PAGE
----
Because we live in an insane country whose major media largely cannot conceive of politics as anything other than a horse race, the 2020 Democratic primary has already effectively begun. While you are correct to groan at this grim reality, the contenders are announcing and staking out policy positions, so we don’t really have a choice in the matter. This is happening.
The good news is that it’s become pretty clear what the 2020 Democratic primary is going to be about: who can win over the progressive wing of the party, and who is setting the policy agenda.
For example, no one had heard of the Green New Deal until late 2018, when Alexandria Ocasio-Cortez joined Sunrise Movement’s protest outside Nancy Pelosi’s office (much to the chagrin of D.C. media’s Most Serious People), and now we are entering 2019 with multiple top tier contenders endorsing the “idea” of the only policy proposal put forth that scientists say is adequate to address the gargantuan and seemingly impossible challenge that is climate change (the reason they are hedging with the word “idea” is because unlike Medicare for All, there is no specific bill presented to Congress—yet).
Speaking of Medicare for All, in the span of about 18 months it went from a pipe dream to the status quo. Medicare for All is such an overwhelming winner in the court of public opinion, that a majority of Republican voters say they want socialized medicine.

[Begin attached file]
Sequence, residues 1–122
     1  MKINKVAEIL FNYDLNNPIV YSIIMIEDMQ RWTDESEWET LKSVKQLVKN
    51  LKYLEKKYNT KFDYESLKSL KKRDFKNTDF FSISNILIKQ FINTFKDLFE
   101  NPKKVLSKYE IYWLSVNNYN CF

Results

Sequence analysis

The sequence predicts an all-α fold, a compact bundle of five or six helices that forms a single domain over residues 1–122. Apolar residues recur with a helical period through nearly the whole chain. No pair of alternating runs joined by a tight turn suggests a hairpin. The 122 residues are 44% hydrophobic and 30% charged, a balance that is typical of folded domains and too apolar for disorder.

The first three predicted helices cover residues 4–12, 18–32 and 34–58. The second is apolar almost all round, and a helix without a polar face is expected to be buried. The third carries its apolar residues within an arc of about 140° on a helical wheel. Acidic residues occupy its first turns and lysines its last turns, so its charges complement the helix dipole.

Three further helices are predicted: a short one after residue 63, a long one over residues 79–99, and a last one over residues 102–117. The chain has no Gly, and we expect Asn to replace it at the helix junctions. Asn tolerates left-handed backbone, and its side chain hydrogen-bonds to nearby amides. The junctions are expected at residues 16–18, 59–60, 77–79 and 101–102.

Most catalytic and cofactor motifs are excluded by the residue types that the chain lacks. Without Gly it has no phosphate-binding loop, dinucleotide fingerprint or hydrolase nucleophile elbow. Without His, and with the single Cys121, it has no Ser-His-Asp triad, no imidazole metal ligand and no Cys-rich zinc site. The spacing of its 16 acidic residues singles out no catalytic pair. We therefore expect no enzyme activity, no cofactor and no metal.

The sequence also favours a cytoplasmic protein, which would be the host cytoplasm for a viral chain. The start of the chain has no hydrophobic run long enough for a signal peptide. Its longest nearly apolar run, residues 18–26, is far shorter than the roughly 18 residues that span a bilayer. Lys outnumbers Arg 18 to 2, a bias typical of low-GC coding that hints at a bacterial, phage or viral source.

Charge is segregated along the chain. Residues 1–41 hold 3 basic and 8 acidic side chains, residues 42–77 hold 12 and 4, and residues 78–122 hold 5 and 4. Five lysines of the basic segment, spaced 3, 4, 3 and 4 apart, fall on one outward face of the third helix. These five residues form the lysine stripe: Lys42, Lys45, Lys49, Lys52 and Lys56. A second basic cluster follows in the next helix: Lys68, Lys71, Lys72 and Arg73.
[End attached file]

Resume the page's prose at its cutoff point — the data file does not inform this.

Forty-three percent of the Democratic electorate did not vote for the establishment’s hand-picked candidate in 2016, and that coalition has only grown in the years since. The policies which Bernie espoused have been scattered across the Democratic chessboard, and they are being picked up by candidates who want to prove to the electorate that they can satisfy the entire nation’s insatiable thirst to do something big to try to unmoor us from this untenable status quo.
Here are the progressive platforms that the top ten presidential contenders will be running on, per their own words, along with their odds of becoming the Democratic nominee in 2020, per the odds on Betfair as of this writing.
Note: In gambling parlance, something like (+200) means that you are betting $100 to win $200 on that thing happening. The better the return on your $100, the less likely that event is to occur.
2020 odds: (+420)
As far as what she means by “The environment”?